The salamander lemma is a lemma in homological algebra from which a number of theorems quickly drop out, some of the more famous ones include the snake lemma, the five lemma, the sharp 3x3 lemma (generalized nine lemma), etc. However, the only proof I've ever seen of this lemma is by a diagram chase after reducing to R-mod by using mitchell's embedding theorem. Is there an elementary proof of this lemma by universal properties in an abelian category (I don't know if we can weaken the requirements past an abelian category)?

If you haven't heard of the salamander lemma, here's the relevant paper: Bergman - Diagram chasing in double complexes.

And here's an article on it by our gracious administrator, Anton Geraschenko: The salamander lemma.

Also, small side question, but does anyone know a good place to find some worked-out diagram-theoretic proofs that don't use Mitchell and prove everything by universal property? It's not that I have anything against doing it that way (it's certainly much faster), but I'd be interested to see some proofs done without it, just working from the axioms and universal properties.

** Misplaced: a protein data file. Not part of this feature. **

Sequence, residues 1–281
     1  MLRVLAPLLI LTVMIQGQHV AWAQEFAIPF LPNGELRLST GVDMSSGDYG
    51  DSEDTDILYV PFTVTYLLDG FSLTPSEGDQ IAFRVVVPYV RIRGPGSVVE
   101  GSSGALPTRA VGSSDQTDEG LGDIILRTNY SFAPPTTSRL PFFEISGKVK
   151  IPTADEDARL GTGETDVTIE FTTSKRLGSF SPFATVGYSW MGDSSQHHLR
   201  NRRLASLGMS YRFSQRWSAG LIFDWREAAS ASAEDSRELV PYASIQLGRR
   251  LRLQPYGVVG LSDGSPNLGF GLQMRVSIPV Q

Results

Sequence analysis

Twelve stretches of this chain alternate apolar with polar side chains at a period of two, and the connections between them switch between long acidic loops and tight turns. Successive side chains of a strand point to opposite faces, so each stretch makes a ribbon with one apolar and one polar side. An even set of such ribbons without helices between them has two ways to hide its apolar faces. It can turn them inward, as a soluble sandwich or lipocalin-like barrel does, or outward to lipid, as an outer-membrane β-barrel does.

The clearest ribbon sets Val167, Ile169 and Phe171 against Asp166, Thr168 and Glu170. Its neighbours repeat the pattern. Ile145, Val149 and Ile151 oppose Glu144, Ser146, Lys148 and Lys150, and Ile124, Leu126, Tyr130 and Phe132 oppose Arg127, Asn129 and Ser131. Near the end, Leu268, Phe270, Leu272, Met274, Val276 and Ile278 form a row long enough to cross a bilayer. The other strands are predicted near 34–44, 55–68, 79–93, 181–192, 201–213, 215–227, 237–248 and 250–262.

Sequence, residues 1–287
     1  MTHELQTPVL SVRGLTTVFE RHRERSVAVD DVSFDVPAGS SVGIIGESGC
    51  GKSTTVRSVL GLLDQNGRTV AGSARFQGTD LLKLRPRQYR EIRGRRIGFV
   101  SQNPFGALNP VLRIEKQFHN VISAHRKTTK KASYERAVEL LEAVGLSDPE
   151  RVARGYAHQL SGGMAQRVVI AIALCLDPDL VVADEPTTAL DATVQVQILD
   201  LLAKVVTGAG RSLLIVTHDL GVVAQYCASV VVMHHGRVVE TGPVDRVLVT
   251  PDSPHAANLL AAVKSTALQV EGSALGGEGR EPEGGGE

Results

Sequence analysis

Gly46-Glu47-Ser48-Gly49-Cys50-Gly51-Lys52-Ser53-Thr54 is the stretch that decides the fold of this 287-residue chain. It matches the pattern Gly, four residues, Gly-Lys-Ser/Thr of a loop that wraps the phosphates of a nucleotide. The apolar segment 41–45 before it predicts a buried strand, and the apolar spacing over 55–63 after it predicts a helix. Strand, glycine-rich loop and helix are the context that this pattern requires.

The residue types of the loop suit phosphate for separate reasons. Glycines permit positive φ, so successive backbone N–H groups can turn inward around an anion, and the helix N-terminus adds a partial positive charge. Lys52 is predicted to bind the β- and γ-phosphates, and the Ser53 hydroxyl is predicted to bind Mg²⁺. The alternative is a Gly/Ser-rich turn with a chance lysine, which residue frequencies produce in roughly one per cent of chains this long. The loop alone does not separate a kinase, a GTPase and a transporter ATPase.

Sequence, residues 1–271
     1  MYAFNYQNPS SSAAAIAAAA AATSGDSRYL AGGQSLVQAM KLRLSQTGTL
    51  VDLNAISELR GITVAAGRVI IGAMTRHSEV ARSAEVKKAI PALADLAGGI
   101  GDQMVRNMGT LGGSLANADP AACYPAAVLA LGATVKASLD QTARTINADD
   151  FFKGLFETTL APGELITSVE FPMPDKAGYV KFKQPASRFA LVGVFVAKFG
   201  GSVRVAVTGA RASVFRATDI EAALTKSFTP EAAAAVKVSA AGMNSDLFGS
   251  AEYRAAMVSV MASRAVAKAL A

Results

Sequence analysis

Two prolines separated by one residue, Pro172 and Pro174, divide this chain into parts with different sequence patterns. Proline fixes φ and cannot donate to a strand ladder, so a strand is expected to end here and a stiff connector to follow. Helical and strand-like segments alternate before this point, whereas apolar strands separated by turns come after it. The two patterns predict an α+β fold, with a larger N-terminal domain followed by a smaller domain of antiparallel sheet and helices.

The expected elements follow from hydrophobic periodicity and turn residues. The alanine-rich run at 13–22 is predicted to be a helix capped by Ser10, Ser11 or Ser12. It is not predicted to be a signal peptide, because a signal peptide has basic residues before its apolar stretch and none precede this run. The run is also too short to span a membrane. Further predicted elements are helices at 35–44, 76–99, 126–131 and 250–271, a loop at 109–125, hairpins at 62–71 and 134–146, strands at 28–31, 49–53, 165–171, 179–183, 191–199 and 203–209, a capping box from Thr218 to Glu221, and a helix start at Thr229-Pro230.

**PLEASE NOTE THE EDIT BELOW**

**EDIT:** Jonathan Wise posted an edit to his answer where he provided a great proof for the original question (doesn't use any hint of elements!). I noticed that he's only gotten four votes for the answer, so I figured I'd just bring it to everyone's attention, since I didn't know that he'd even added this answer until yesterday. The problem is that he put his edit notice in the middle of the text without bolding it, so I missed it entirely (presumably, so did most other people).

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